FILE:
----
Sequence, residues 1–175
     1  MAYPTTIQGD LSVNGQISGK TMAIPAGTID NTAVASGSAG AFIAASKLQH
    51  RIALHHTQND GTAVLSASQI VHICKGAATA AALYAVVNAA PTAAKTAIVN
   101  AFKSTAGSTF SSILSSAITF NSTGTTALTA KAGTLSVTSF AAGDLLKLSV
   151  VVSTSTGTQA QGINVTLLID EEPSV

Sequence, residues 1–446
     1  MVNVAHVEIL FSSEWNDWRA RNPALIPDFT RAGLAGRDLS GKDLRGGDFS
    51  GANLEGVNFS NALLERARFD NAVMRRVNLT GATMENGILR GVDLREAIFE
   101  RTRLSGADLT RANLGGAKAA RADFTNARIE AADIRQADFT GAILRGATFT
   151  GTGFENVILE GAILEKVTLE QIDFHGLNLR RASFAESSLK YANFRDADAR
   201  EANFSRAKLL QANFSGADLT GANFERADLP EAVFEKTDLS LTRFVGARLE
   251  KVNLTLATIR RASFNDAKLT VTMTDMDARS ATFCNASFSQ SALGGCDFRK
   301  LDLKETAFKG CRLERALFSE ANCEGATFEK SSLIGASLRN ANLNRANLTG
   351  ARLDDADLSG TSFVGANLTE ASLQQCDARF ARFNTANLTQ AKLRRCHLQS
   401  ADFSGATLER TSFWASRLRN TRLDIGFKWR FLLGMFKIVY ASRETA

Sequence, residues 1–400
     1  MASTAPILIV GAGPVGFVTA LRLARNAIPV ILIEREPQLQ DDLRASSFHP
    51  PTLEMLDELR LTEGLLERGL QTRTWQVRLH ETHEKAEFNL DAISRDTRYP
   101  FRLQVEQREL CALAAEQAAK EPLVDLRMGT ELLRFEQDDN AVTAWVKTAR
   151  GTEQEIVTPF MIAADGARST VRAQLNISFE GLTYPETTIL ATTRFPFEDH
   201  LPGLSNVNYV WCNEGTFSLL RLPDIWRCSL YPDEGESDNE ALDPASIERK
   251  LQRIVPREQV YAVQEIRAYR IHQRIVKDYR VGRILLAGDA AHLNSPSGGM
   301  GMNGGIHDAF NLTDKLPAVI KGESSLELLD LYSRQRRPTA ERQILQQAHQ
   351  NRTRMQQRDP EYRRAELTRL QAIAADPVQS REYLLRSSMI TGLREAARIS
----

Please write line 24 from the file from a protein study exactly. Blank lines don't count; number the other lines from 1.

   351  NRTRMQQRDP EYRRAELTRL QAIAADPVQS REYLLRSSMI TGLREAARIS